There’s one fun and historic event that occurs each year sponsored by the National Pony Express Association. It’s a Re-riding of the 1,966 mile Pony Express Trail and it takes place each June. This event offers a fun and close glimpse into the era of the famed Pony Express.
The NPEA’s main aim is to keep the spirit and memory of this National Historic Trail alive. Headquartered in Pollock Pines California, right on the old trail itself, the NPEA works to preserve the trail and what better way to do that than to put together a reenactment of the Pony Express ride.
Prior to the NPEA forming, there were three re-rides of the trail. The first Pony Express Re-Ride was held in 1935 which commemorated the 75th anniversary of the trail. There was another re-ride held in 1958 sponsored by the Western States Trail Ride. This famous re-ride actually carried U.S. Mail. Then again in 1960, as a 100 year commemoration, there was a re-ride put together by the Western Pony Express Trails Association along with the Central Overland Pony Express Trails Association.
The next ride after the ones mentioned above didn’t occur until the NPEA was formed in 1977.
The Old Trail
The Pony Express National Historic Trail runs from Missouri to California. The very fact that riders accomplished this arduous and dangerous task of getting mail to Sacramento California from St. Joseph Missouri in about ten days overshadowed the fact that the Pony Express only existed for eighteen months. Only ten days to deliver a letter to California was fascinating to the public at that time considering the alternative routes would have been by steamer either around Cape Horn or over to and across the Isthmus of Panama. In both cases it was months, not days.
The Pony Express operated in the west during the American Civil War. This was several years before the Indian Wars on the Plains began. This was years before Red Cloud’s War and the Fetterman Massacre in Wyoming, sixteen years before Custer’s defeat at the Little Bighorn and decades before the Indian Wars in the west officially came to an end.
It was a time when traveling on horseback day and night over primitive routes through Indian country could be quite dangerous in the least.
Necessities included a fast horse, a wiry rider and the ability to find your way in daylight and darkness. You may have seen the old advertisements for Pony Express riders which suggested that orphans were preferable. It was both dangerous and adventurous.
Today’s Pony Express Trail
The proposed route for the Pony Express was very simple. It headed west out of St. Joseph Missouri, up the Platte and Sweetwater rivers, through South Pass Wyoming and the Rockies to Salt Lake City. The route then ran out across the Utah and Nevada deserts, up and over the Sierra Nevada and into California at the south end of lake Tahoe and then down the western side of the Sierra Nevada.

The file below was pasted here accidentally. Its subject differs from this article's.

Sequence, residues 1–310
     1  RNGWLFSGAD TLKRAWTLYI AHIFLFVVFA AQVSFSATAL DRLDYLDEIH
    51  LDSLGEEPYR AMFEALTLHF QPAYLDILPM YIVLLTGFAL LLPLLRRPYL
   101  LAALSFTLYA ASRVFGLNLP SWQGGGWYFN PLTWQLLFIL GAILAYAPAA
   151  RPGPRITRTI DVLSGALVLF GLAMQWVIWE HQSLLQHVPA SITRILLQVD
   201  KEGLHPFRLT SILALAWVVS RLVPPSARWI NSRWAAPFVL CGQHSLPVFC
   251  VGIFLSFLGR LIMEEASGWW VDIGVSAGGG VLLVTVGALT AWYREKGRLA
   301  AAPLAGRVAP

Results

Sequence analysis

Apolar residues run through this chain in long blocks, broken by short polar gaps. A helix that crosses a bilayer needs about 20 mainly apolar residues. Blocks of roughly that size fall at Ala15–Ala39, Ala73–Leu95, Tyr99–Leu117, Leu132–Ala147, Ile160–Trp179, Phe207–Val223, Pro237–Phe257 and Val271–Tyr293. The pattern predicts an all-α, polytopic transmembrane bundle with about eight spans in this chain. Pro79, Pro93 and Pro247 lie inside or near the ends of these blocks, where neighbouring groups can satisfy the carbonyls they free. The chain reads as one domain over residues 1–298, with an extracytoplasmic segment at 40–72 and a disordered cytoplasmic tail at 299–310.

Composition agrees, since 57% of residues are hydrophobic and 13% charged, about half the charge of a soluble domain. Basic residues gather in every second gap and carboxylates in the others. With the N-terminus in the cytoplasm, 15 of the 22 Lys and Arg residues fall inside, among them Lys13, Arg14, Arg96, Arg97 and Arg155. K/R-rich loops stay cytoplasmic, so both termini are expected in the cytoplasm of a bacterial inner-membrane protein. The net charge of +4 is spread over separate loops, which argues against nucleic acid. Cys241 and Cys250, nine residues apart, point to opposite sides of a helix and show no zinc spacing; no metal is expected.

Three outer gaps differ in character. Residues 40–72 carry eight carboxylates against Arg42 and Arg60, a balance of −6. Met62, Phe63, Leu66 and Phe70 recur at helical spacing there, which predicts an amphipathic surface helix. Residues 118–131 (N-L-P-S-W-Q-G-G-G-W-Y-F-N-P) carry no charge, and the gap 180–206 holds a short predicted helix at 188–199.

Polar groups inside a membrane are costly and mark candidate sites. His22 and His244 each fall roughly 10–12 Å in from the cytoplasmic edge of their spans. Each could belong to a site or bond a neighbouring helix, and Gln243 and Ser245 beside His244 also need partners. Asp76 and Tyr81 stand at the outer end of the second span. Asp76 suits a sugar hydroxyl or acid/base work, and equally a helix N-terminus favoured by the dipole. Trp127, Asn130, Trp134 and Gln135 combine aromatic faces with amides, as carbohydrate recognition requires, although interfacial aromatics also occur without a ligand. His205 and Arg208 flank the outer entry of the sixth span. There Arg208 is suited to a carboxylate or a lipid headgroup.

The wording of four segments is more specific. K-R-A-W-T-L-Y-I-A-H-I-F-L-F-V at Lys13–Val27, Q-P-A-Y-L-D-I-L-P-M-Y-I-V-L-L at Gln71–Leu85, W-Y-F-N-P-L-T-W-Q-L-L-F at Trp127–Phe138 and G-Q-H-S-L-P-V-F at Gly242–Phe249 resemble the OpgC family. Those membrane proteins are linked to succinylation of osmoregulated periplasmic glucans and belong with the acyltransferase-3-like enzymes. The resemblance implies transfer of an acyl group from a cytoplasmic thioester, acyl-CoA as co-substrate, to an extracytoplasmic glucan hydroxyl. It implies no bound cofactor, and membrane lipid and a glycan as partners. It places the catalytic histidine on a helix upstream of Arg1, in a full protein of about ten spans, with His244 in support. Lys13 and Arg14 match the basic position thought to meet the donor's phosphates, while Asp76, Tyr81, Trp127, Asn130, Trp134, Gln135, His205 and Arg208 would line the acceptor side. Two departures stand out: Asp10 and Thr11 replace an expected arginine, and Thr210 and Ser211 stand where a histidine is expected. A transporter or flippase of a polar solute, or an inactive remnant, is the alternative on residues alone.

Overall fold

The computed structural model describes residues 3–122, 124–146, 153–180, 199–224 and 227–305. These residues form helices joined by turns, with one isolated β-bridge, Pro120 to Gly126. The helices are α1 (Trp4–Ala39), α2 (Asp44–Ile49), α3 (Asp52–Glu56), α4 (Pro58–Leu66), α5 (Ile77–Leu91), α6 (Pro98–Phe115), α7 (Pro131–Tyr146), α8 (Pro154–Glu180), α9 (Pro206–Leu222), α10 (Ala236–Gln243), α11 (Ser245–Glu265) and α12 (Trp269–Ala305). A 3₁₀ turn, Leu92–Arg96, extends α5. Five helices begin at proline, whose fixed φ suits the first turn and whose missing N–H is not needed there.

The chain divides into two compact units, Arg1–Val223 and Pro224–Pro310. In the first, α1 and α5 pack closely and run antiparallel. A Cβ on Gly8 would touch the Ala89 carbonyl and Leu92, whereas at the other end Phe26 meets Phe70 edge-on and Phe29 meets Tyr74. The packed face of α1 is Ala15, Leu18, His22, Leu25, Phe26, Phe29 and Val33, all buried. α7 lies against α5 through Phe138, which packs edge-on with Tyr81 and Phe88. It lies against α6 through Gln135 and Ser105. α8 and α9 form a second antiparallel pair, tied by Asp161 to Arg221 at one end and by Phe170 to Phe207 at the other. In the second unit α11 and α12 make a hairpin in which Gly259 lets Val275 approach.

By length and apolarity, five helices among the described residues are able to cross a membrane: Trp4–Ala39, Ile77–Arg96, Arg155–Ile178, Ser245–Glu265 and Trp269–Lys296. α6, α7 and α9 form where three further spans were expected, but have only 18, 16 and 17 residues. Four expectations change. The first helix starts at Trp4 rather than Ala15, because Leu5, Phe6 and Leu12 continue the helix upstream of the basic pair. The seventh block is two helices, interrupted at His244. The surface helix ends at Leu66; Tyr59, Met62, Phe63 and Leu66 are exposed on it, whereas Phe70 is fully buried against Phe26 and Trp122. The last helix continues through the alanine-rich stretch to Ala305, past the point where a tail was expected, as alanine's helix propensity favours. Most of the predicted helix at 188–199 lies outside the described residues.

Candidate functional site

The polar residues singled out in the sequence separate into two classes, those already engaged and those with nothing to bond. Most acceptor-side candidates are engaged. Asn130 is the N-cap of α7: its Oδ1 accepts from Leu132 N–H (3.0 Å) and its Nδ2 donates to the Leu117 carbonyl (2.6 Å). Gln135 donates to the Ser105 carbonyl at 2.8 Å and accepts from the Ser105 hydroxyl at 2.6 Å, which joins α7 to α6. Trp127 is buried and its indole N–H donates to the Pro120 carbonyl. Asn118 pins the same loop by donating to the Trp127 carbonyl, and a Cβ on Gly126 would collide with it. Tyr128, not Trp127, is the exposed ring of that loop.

Segments of today’s Pony Express Trail are both publicly and privately owned. The National Park Service depends on many organizations and private land owners to keep this historic trail alive. This involves communication with state governments and municipalities. The Pony Express National Historic Trail follows the 1,900-mile route taken by those daring riders through the states of Missouri, Kansas, Nebraska, Colorado, Wyoming, Utah, Nevada, and California.
Just as with other notable old western trails, much of the original trail has been worn away by weather and modernization. Some of the best remaining segments are to be found in Utah and California. Eventually, the Pony Express National Historic Camp Trail is planned to run past 120 historic sites related to the famous yet short lived mail operation, including what remains of 50 stations along the route.
Exploring the Pony Express Trail
Driving directions and maps are available to provide modern travelers with directions along highways that approximate the historic route taken by the Pony riders during the eighteen months that it operated from 1860-1861. The link Pony Express National Trails has a map where you can pinpoint what parts of the trail you intend to visit. In California for an example, the old Pony Express Route generally follows U.S. Hwy 50 up the western slope of the Sierra Nevada. U.S. Hwy 50 is also the primary route to take through Nevada toward Utah. In Utah, the route travels northeast past Salt Lake City and into Wyoming.
The Utah Segment
The Pony Express Trail National Back Country Byway in Utah begins near Fairfield and ends at Ibapah, Utah.
Add Camp Floyd / Stagecoach Inn State Park on state highway 73, 5 miles south of Cedar Fort to your trip planner. Then add the Pony Express National Back Country Byway Visitor Information Site. The location is 1.8 miles west of the Fausts Junction along the north side of the Pony Express Trail. The station there was named after station keeper “Doc” Fausts. The station was a two-story stone structure located some distance from the present historical marker which was erected in 1939. The entire Back Country Byway is 133 miles long. Most of the route is range land and managed by the Bureau of Land Management.
Visiting historic segments of the Pony Express Trail makes an excellent addition to your western road trip planner. The map provided by the National Park Service is a good place to start in planning your upcoming road trip. Attending a segment of the annual NPEA Re-Ride is also a great way for the entire family to learn about the days of the Pony Express. For more information, visit the NPEA site at www.xphomestation.com
(Photos and images from the public domain)